If you are one of the unfortunate mosquito targets, there are a few things you can try to lower your chances of becoming a feast.

1. Don't drink. Mosquitoes are more attracted to those who drink beer or alcohol.

2. Wear light colored clothing. Mosquitos can see you better when you are wearing dark clothes.

3. Change your blood type. Studies show that Mosquitos land on those with Type O blood twice as much as those with Type A. Type B blood fell somewhere in the middle.

4. Wear clean clothing and take a shower. Mosquitoes are attracted to stinky feet, perspiration and skin bacteria.

5. Don't get pregnant. Pregnant women are twice as likely to be bitten.

6. Experiment with natural deterrents such as lemon oil, clove oil, and lavender.

Or you can always do as I do. Stay inside!

Saturday, July 20, 2013

Casual Pie Day

When I heard that Monday is Casual Pie Day, I was really excited to celebrate. I mean, there is nothing better than a pie that takes such little cooking or preparation that its considered casual. Kinda like those yummy pudding pies that you just pour into a readymade graham cracker crust and then devour like you never heard the word diet.

Casual pies are the kind you can hold in one hand while flipping the TV remote, eat from a little cardboard tube while driving, and take to bed with you without worrying about making a mess on comforter.

Casual pies are those that take little thought to create, require practically no culinary skills and can be whipped up quicker than a bag of Cheetos disappears at a weight Watcher Convention.

I tell you now, that's my kind of pie. Creating it is not where I want to focus my time. The pure, perfect joy of a casual pie is eating it. Plain and simple.

Another true advantage of a casual pie is they tend to be inexpensive and adapt to households of poor and rich alike. It is not unusual to find casual pie on the menu along side Alma's Caviar or white truffles. Yet, it is also quite popular served after hot dogs or a fried bologna sandwich. Casual Pie is every man's dessert. And what else boasts such an honor?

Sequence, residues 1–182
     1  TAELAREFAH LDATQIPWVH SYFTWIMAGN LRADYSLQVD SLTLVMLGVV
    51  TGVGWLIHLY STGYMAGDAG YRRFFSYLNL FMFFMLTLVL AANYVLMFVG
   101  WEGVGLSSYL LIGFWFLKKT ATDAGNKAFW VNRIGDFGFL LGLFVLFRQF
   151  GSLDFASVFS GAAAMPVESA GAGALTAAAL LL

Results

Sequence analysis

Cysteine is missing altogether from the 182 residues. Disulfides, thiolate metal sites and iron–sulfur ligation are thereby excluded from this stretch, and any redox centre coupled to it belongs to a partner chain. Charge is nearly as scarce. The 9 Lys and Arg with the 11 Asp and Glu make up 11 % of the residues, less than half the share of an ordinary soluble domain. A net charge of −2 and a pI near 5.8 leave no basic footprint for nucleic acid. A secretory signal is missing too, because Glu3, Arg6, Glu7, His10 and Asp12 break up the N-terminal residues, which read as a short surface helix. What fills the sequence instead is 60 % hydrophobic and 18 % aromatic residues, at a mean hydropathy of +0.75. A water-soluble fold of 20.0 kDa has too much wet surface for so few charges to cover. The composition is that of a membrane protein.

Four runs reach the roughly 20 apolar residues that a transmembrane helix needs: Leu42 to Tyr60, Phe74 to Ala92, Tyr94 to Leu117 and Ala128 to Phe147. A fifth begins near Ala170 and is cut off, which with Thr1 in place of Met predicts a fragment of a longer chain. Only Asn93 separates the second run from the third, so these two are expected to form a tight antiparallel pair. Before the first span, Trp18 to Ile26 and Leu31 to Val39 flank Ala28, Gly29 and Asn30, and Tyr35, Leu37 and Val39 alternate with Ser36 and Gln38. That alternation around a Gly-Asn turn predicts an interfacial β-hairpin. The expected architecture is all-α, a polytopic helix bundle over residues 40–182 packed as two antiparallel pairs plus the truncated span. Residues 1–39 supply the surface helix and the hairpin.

I plan to mix up some casual pies myself and be lazy all day and eat them. No fork, spoon, or knife is required. Casual pie is a finger food in every sense of the word.

What? Oh...

Sorry, folks.
Just found out that it is not Casual Pie day.

It is Casual Pi Day.

 "Pi is the relationship of a circle's circumference to its diameter. No matter how large or small a circle is, the proportion of the distance around the circle to the distance across its widest part is EXACTLY the same!

That exact number starts off 3.14159265...and goes on for bajillions of non-repeating digits. Because pi starts with 3.14, we celebrate Pi Day on 3/14, or March 14th.

But today is not that date. Why are we celebrating Casual Pi Day ?

Well, the other name for the day gives us a hint—it's Pi Approximation Day.

It's hard to be exact about pi when the decimal digits go on forever (and don't even repeat). So we have to use approximate numbers when we actually use pi, and a really approximate way of expressing the approximation is the fraction 22/7. " 

Somehow Casual Pie day just seems so much better. Don't you agree?

Monday, July 15, 2013

If Zucchinis Were Zombies

If zucchinis were zombies, I'd be dead right now.

Yeah, you heard me. They are out there lurking in the garden. Tons of them. They think they can hide  beneath the cucumber vines or behind the pole beans, but I know they are there. And some of them are huge. They just keep coming and coming and I'm almost afraid to even go out into the garden again.

Oh, I've tried my best to dispose of them. Stabbed them in their crisp green necks and fried them up with bread crumbs. I've baked them into breads, stews, casseroles and pies.

But they never die. They keep re-animating..